Web Service Security Cheat Sheet¶
This article is focused on providing guidance for securing web services and preventing web services related attacks.
Please notice that due to the difference in implementation between different frameworks, this cheat sheet is kept at a high level.
Transport confidentiality protects against eavesdropping and man-in-the-middle attacks against web service communications to/from the server.
Rule: All communication with and between web services containing sensitive features, an authenticated session, or transfer of sensitive data must be encrypted using well-configured TLS. This is recommended even if the messages themselves are encrypted because TLS provides numerous benefits beyond traffic confidentiality including integrity protection, replay defenses, and server authentication. For more information on how to do this properly see the Transport Layer Protection Cheat Sheet.
Rule: TLS must be used to authenticate the service provider to the service consumer. The service consumer should verify the server certificate is issued by a trusted provider, is not expired, is not revoked, matches the domain name of the service, and that the server has proven that it has the private key associated with the public key certificate (by properly signing something or successfully decrypting something encrypted with the associated public key).
User authentication verifies the identity of the user or the system trying to connect to the service. Such authentication is usually a function of the container of the web service.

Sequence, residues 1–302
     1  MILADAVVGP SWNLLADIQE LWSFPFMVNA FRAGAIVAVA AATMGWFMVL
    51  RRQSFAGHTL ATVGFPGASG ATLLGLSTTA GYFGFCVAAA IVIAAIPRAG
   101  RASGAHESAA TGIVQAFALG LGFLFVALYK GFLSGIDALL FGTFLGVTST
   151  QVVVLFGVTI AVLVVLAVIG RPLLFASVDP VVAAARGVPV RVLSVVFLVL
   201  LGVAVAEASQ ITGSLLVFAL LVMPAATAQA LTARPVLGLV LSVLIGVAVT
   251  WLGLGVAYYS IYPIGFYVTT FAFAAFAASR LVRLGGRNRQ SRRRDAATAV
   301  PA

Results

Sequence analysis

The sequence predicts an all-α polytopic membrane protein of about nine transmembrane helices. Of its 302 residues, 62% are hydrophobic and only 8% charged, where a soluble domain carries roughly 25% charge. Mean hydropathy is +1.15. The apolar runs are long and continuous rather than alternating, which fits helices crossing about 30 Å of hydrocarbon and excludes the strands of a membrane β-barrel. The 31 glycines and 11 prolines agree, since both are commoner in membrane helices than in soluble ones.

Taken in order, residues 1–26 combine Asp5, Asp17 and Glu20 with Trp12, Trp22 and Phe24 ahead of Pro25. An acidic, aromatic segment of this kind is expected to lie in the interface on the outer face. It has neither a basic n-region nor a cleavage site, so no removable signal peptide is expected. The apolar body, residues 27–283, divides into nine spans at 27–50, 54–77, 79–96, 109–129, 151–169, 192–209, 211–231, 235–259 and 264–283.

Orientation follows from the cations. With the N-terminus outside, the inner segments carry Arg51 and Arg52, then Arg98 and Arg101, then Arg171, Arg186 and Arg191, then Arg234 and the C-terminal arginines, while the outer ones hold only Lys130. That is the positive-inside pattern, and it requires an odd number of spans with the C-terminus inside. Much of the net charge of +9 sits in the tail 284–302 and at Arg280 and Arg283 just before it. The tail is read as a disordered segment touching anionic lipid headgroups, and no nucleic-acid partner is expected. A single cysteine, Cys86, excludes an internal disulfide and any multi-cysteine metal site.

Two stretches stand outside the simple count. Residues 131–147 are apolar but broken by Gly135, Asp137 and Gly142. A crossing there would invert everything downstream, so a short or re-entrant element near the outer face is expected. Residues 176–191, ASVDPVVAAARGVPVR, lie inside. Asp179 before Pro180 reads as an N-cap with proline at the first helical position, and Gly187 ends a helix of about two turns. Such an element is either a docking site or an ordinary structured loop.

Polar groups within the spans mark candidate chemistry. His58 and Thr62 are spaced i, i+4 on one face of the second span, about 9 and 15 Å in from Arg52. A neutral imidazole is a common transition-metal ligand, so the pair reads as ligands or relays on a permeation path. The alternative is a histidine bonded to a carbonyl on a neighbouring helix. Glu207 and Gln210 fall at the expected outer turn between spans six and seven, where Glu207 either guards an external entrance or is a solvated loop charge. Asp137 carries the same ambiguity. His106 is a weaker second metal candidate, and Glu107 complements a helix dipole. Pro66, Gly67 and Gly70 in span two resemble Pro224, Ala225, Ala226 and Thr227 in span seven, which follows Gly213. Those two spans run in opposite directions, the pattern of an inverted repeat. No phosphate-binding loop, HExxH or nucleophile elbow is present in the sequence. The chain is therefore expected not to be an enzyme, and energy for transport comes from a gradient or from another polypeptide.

Rule: If used, Basic Authentication must be conducted over TLS, but Basic Authentication is not recommended because it discloses secrets in plan text (base64 encoded) in HTTP Headers.
Rule: Client Certificate Authentication using Mutual-TLS is a common form of authentication that is recommended where appropriate. See: Authentication Cheat Sheet.
SOAP encoding styles are meant to move data between software objects into XML format and back again.
Rule: Enforce the same encoding style between the client and the server.
This is for data at rest. The integrity of data in transit can easily be provided by TLS.
When using public key cryptography, encryption does guarantee confidentiality but it does not guarantee integrity since the receiver's public key is public. For the same reason, encryption does not ensure the identity of the sender.
Rule: For XML data, use XML digital signatures to provide message integrity using the sender's private key. This signature can be validated by the recipient using the sender's digital certificate (public key).